“Kids — and I’ve worked with a lot of Jewish kids – believe that in order to be loved, whether this is rational or not, they need to be successful, they need to perform.”

But those considerations are in addition to other influences, such as the internet and social media, which make growing up so stressful in modern society.

“Anxiety,” she notes, “has been on the rise over the last 10 years. Because of the influence of social media, teens have the ability to compare themselves constantly to others that in previous years, they didn’t know before.  So, with all these comparisons there is the possibility that, instantly, they feel inferior.”

Nanci and Mark Rosing’s concerns about the seriousness of their son’s anxiety disorder led them last summer to an 11-week program in Utah specially designed for young people with treatable anxiety.

During the past school year, Alex has been a student at WayPoint Academy in Huntsville, Utah, a residential program that works with young people under professional supervision to tackle the challenges of anxiety.

It was a major commitment, in many ways, but Nanci feels it paid off.

“He engages, he looks in someone’s eyes and talks to them. You can see a sense of confidence. He can now do a lot of things that would even make me uncomfortable. He’s learned a skill that hopefully he can bring home.”

He’s coming home this month to resume his studies at The Weber School, to face what his parents feel will be a much brighter future and finish up work on that bar mitzvah he never had.

“Angst – Raising Awareness Around Anxiety” will be presented by JumpSpark at the Marcus JCC theater, Sunday Aug. 19 from 3:00 to 5:00 p.m. for parents and professionals and on Wednesday, Aug. 22 from 6:30 to 8:30 p.m. for teens. For tickets and more information,

children in a circle - jewish atlanta

JumpSpark Values Teen Voices

By JumpSpark

By Nina Rubin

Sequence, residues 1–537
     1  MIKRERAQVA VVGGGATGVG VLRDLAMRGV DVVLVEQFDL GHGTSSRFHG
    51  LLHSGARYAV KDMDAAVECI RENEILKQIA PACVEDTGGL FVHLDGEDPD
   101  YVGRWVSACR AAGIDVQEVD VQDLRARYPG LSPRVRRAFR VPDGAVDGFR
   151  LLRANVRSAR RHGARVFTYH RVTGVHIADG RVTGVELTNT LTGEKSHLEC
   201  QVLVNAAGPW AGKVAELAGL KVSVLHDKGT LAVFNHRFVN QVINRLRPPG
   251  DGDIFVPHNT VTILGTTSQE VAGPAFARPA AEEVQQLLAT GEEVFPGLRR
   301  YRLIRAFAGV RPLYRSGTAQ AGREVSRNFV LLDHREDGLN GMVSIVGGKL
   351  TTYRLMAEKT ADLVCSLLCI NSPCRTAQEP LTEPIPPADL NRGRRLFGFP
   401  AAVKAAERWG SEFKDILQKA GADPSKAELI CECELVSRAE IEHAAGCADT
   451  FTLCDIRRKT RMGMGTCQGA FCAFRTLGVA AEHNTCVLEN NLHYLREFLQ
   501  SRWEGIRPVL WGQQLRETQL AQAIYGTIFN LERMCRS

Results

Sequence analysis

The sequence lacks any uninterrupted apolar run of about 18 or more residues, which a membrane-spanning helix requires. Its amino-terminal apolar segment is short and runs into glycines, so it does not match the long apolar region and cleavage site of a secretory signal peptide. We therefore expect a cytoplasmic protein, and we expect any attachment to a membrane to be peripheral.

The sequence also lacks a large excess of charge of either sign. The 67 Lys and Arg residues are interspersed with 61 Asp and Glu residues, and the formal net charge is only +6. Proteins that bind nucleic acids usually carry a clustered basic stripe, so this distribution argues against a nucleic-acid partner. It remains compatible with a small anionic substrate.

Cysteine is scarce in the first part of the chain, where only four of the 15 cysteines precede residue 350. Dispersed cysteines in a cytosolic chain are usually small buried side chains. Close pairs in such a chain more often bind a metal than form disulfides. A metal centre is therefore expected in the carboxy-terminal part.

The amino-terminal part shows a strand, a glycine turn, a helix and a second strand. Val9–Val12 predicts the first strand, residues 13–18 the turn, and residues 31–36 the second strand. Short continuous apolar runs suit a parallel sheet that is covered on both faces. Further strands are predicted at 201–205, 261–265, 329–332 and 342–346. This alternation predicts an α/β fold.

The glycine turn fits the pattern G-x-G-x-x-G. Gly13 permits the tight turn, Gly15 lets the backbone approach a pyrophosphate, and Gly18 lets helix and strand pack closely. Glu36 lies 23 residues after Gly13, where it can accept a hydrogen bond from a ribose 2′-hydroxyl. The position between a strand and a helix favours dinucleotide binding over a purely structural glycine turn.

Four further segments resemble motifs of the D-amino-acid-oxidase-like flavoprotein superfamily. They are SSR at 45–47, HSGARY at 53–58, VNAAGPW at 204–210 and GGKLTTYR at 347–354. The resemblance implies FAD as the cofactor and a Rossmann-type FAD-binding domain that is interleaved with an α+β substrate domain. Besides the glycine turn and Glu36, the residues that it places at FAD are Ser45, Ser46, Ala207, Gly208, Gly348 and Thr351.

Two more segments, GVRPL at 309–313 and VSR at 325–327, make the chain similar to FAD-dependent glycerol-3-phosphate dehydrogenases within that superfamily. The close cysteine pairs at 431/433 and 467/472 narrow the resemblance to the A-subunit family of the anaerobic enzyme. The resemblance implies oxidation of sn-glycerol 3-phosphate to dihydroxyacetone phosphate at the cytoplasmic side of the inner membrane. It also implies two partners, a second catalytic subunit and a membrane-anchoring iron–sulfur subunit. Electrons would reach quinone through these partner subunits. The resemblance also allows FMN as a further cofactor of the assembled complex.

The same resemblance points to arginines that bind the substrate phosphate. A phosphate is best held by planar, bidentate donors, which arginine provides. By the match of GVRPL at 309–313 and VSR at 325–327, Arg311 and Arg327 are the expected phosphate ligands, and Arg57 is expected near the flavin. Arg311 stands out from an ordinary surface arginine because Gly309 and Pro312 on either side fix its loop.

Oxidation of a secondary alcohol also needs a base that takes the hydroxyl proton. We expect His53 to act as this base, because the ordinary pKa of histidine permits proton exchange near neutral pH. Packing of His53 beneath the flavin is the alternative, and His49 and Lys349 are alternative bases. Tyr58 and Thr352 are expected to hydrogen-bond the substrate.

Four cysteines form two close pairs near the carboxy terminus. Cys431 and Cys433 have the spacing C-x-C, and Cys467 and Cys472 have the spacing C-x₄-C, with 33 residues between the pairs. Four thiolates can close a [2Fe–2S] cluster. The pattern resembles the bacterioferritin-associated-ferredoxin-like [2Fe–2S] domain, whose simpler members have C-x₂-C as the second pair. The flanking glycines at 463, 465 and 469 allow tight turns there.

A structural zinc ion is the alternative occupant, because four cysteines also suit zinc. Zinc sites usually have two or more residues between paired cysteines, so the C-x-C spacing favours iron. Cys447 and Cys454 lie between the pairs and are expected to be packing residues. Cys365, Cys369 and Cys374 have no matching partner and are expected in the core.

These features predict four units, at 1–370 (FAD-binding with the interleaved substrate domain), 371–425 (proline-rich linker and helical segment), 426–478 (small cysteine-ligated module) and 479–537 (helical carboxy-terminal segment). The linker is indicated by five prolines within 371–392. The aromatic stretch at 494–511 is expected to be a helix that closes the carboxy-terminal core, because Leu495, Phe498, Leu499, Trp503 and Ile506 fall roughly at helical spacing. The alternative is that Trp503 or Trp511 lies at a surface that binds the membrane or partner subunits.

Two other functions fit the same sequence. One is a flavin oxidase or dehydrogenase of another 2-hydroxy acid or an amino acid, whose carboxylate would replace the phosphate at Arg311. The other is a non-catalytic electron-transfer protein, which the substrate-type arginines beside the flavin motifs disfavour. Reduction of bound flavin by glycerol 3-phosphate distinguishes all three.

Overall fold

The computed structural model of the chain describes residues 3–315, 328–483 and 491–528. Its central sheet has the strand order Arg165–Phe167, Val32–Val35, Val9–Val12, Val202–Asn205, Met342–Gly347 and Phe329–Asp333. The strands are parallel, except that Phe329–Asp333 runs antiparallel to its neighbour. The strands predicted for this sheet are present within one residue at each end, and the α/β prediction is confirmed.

First published by the Jewish Federation of Greater Atlanta › 

It’s a dynamic time for JumpSpark, Atlanta’s initiative for Jewish teen engagement. We are excited to announce that Kelly Cohen, a Jewish education rock star and the former JumpSpark Director of Education, is now Director of JumpSpark. Kelly will be working closely with Jori Mendel, Federation’s VP of Innovation, to build creatively on our strategic investment in teens. Teen input is an essential part of JumpSpark’s evolution.

For example, at JumpSpark’s week-long marketing internship with 3 Owl Media, a digital ad agency, teen interns developed prototypes and strategies for boosting teen engagement. After a week at 3 Owl, immersed in branding, prototyping and strategy, their final presentations were impressive. They shared prototypes for events they believe will attract their peers — they envisioned a Night Out for teens, a multi-stage live music event to be held at a camp, and a program of weekly and monthly events that create “safe space” for Jewish teens. “Just like these prototypes, JumpSpark is a startup,” said Kelly Cohen. “We launched with ideas about connecting with teens and we’re refining our strategy as we build our brand. It’s about valuing teen voices, telling kids that they are experts on their needs, and exposing them to experiences through a Jewish lens, to widen their world.” Join JumpSpark’s mailing list to learn about upcoming fall programs.